As governments increase their efforts to tackle threats in social media, antisemitism remains a core part of the wider fight against hate speech, incitement and violent extremism. It is an area where international efforts are well established, and where experts have been working on the problem since it was first raised at the Global Forum for Combating Antisemitism in 2008. Through its Working Group on Antisemitism on the Internet and in the Media, the Global Forum for Combating Antisemitism has continued to work steadily on this problem and released a major report of recommendations and a review of work to date in 2013, and an interim version of this report in 2015.

This report represents the latest research and a major step forward in efforts to tackle online antisemitism. It also lights a path for tackling other forms of online hate and incitement. Hate in social media is explored empirically, both with respect to its relative prevalence across the major platforms, and with respect to the nature of the antisemitic content. Most significantly, the rate of removal of antisemitic hate speech is reported on by social media platform and by antisemitic category over the last 10 months.

Categories of AntisemitismThe report is based on a sample totalling 2024 antisemitic items all from either Facebook, YouTube or Twitter. The categories the hate were classified into were: incitement to violence (5%), including general statements advocating death to the Jews; Holocaust denial (12%); traditional antisemitism (49%), such as conspiracy theories and racial slurs; and New Antisemitism (34%), being antisemitism related to the State of Israel as per the Working Definition of Antisemitism.

The results in this report indicate significant variation in the way antisemitism is treated both between companies and also within a single company across the four categories of antisemitism. Positive responses by the platforms remain far lower than a concerned public or the governments who represent them would expect.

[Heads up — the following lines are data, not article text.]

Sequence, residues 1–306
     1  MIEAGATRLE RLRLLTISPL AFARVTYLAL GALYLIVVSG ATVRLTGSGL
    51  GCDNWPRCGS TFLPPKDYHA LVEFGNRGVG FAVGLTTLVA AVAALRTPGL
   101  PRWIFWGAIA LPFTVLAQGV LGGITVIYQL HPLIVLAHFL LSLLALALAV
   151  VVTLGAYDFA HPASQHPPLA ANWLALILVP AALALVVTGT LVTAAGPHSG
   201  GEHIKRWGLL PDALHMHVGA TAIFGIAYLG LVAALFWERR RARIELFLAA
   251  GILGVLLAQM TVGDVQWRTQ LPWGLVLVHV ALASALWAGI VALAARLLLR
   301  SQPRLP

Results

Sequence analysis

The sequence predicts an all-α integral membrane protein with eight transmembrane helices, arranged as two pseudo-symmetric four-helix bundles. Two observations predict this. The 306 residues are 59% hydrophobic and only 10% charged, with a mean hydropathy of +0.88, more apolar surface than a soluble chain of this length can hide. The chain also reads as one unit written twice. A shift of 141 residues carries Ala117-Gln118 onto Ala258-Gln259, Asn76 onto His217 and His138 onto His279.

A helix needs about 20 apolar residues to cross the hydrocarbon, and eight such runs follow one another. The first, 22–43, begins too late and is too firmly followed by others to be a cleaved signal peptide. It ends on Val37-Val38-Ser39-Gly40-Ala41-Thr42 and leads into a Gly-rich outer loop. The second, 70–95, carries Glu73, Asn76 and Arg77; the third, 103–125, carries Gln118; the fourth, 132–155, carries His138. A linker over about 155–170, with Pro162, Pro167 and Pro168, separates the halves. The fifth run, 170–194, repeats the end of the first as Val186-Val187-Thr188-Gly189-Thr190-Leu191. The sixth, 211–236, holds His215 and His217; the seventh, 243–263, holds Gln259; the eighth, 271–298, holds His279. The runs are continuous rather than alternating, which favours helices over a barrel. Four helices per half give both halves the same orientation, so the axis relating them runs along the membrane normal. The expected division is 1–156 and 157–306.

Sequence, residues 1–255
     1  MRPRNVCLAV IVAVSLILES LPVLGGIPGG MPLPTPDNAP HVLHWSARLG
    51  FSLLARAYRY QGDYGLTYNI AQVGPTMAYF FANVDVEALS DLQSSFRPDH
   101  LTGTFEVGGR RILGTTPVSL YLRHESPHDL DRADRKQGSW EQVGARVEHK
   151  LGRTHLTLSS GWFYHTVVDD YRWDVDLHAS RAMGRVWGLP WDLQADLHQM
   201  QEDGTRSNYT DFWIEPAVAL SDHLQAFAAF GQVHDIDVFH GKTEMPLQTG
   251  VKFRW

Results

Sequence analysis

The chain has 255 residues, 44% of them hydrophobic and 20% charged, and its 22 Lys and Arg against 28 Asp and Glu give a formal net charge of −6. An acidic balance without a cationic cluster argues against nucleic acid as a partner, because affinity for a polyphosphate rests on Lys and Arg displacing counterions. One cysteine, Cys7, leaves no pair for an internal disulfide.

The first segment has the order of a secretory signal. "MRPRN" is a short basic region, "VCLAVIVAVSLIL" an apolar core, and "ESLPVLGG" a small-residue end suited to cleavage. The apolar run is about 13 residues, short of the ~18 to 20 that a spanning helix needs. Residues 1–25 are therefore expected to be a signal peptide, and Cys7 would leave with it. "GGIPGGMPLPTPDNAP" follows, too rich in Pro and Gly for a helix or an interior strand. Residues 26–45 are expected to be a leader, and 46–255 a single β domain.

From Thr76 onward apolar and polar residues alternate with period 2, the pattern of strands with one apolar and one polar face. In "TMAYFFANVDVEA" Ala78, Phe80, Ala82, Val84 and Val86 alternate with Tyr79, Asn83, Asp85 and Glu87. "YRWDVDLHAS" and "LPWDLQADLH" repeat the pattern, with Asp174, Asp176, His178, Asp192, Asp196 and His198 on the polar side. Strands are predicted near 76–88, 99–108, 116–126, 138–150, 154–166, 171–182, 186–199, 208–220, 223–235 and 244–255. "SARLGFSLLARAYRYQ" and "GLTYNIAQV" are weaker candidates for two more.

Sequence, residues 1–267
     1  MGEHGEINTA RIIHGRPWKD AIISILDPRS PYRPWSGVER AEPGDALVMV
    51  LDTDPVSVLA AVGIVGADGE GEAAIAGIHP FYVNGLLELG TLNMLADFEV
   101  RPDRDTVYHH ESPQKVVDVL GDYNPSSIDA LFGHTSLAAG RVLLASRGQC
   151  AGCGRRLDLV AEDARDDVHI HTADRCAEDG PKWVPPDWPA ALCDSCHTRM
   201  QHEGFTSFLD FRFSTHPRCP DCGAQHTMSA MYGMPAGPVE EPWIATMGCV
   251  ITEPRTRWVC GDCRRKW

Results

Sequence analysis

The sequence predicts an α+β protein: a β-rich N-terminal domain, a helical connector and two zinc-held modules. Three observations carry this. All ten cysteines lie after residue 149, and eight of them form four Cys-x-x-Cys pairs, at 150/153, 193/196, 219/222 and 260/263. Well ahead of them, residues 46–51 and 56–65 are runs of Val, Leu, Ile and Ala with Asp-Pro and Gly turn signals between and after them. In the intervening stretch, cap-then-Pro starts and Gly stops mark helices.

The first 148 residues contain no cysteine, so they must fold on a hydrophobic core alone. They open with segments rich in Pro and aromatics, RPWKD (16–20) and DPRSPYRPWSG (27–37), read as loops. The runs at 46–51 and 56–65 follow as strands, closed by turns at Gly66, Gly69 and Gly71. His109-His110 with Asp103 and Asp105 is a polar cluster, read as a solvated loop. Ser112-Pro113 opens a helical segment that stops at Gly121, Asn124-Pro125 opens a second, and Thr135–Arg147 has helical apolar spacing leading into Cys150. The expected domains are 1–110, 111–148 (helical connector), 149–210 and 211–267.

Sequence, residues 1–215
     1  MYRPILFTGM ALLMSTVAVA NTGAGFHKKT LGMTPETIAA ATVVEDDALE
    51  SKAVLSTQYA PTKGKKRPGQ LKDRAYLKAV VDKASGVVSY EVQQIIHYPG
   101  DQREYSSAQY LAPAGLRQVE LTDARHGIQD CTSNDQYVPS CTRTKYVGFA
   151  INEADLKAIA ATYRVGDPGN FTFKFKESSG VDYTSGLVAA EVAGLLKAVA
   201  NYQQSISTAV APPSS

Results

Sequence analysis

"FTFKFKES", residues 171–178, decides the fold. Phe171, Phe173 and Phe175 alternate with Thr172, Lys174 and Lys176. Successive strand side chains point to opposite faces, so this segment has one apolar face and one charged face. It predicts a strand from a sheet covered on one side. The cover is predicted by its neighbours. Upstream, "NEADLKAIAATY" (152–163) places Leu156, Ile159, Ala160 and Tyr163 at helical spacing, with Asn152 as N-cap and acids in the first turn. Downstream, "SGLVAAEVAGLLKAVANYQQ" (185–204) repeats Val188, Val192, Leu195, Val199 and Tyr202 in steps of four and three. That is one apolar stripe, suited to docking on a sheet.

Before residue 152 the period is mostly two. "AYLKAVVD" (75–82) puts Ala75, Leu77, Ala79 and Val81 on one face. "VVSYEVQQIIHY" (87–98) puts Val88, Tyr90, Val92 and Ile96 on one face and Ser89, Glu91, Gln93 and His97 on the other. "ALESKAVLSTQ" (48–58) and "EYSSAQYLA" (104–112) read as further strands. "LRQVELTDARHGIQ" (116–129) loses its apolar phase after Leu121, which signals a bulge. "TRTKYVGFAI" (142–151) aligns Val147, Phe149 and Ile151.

The best initial removal rates occur on Facebook for Holocaust denial where 46% is removed within 3 months. The best overall result is for incitement on Facebook with only 25% of the content remaining online. The worst case was YouTube New Antisemitism where after 10 months 96% of the New Antisemitism on YouTube remained online. This reflected an overall problem on YouTube with 91% of the classic antisemitism, 90% of the Holocaust denial, and 70% of the incitement found on YouTube remaining after 10 months. Twitter is removing content on an ongoing basis but at a slow rate.

Takedowns of Holocaust denial, incitement, new antisemitism

On Twitter, classic antisemitism is the most likely to be removed (25% removed) and incitement is the least likely to be removed (14% removed). Changes to policies to move away from US legal standard which require a specific and immediate threat, and towards a wider definition covering advocacy or support for violence, do not appear to have had an impact on this data. In contrast the high response rate for classic antisemitism seems to reflect Twitters focus on racial slurs.

The German Government's moves, forcing the companies to apply domestic legal definitions of hate, and not those developed by the companies, is one way to close the gap between public expectations and current response rates. Another approach would be for the companies to actively work with civil society and governments to lift the internal standards close to public expectations. This applies not only to antisemitism, but to hate speech, incitement, and violent extremist content more generally. We hope this report sheds light on the areas where improvement is most urgently needed, and that it will encourage a closing of the gap between public expectations on how social media companies should respond to antisemitism and the reality of what is currently occurring.
Last modified onTuesday, 07 March 2017 06:12